# Some of the path components require multiple vertices to specify them:
# for example CURVE 3 is a `bézier
# `_ curve with one
# control point and one end point, and CURVE4 has three vertices for the
# two control points and the end point. The example below shows a
# CURVE4 Bézier spline -- the bézier curve will be contained in the
# convex hull of the start point, the two control points, and the end
# point
verts = [
(0., 0.), # P0
(0.2, 1.), # P1
(1., 0.8), # P2
(0.8, 0.), # P3
]
codes = [
Path.MOVETO,
Path.CURVE4,
Path.CURVE4,
Path.CURVE4,
]
path = Path(verts, codes)
fig, ax = plt.subplots()
patch = patches.PathPatch(path, facecolor='none', lw=2)
ax.add_patch(patch)
xs, ys = zip(*verts)
ax.plot(xs, ys, 'x--', lw=2, color='black', ms=10)
ax.text(-0.05, -0.05, 'P0')
ax.text(0.15, 1.05, 'P1')
ax.text(1.05, 0.85, 'P2')
ax.text(0.85, -0.05, 'P3')
ax.set_xlim(-0.1, 1.1)
ax.set_ylim(-0.1, 1.1)
plt.show()
###############################################################################
# .. compound_paths:
#
# Compound paths
# ==============
#
# All of the simple patch primitives in matplotlib, Rectangle, Circle,
# Polygon, etc, are implemented with simple path. Plotting functions
# like :meth:`~matplotlib.axes.Axes.hist` and
# :meth:`~matplotlib.axes.Axes.bar`, which create a number of
# primitives, e.g., a bunch of Rectangles, can usually be implemented more
# efficiently using a compound path. The reason ``bar`` creates a list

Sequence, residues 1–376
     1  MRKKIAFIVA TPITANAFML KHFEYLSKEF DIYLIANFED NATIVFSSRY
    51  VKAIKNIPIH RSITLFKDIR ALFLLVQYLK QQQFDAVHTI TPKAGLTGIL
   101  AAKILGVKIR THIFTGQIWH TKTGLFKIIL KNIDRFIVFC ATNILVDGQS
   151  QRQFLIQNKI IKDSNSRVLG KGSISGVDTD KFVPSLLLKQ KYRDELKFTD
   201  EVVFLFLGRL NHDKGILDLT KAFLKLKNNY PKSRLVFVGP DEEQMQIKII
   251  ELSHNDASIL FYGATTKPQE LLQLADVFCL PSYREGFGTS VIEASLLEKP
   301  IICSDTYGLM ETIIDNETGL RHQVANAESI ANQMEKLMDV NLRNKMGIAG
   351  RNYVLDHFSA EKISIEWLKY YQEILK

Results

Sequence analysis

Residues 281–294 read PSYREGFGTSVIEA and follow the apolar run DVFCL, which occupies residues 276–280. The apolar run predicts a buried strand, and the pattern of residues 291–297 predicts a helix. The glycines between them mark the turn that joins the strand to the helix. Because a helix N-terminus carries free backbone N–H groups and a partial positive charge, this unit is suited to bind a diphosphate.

# of rectangles and not a compound path is largely historical: the
# :class:`~matplotlib.path.Path` code is comparatively new and ``bar``
# predates it. While we could change it now, it would break old code,
# so here we will cover how to create compound paths, replacing the
# functionality in bar, in case you need to do so in your own code for
# efficiency reasons, e.g., you are creating an animated bar plot.
#
# We will make the histogram chart by creating a series of rectangles
# for each histogram bar: the rectangle width is the bin width and the
# rectangle height is the number of datapoints in that bin. First we'll
# create some random normally distributed data and compute the
# histogram. Because numpy returns the bin edges and not centers, the
# length of ``bins`` is 1 greater than the length of ``n`` in the
# example below::
#
# # histogram our data with numpy
# data = np.random.randn(1000)
# n, bins = np.histogram(data, 100)
#